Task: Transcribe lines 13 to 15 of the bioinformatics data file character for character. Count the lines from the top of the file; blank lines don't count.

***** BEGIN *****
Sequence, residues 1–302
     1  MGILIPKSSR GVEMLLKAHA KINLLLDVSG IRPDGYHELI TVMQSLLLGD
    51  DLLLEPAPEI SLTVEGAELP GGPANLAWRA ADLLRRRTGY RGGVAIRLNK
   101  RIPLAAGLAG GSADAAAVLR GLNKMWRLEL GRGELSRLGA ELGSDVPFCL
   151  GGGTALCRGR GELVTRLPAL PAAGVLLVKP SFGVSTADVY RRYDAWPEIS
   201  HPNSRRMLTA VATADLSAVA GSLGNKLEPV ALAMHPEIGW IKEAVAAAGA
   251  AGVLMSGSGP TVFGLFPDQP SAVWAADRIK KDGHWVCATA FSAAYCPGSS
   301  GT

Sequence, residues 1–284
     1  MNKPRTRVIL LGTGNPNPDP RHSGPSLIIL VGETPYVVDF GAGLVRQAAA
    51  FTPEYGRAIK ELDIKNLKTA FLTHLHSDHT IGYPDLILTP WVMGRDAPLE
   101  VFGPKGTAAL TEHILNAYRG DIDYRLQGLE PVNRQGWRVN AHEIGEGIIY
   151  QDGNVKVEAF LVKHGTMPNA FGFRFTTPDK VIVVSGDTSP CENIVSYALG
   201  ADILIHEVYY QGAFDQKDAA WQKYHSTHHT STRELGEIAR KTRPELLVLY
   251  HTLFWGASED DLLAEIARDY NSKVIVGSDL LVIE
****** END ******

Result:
   151  QDGNVKVEAF LVKHGTMPNA FGFRFTTPDK VIVVSGDTSP CENIVSYALG
   201  ADILIHEVYY QGAFDQKDAA WQKYHSTHHT STRELGEIAR KTRPELLVLY
   251  HTLFWGASED DLLAEIARDY NSKVIVGSDL LVIE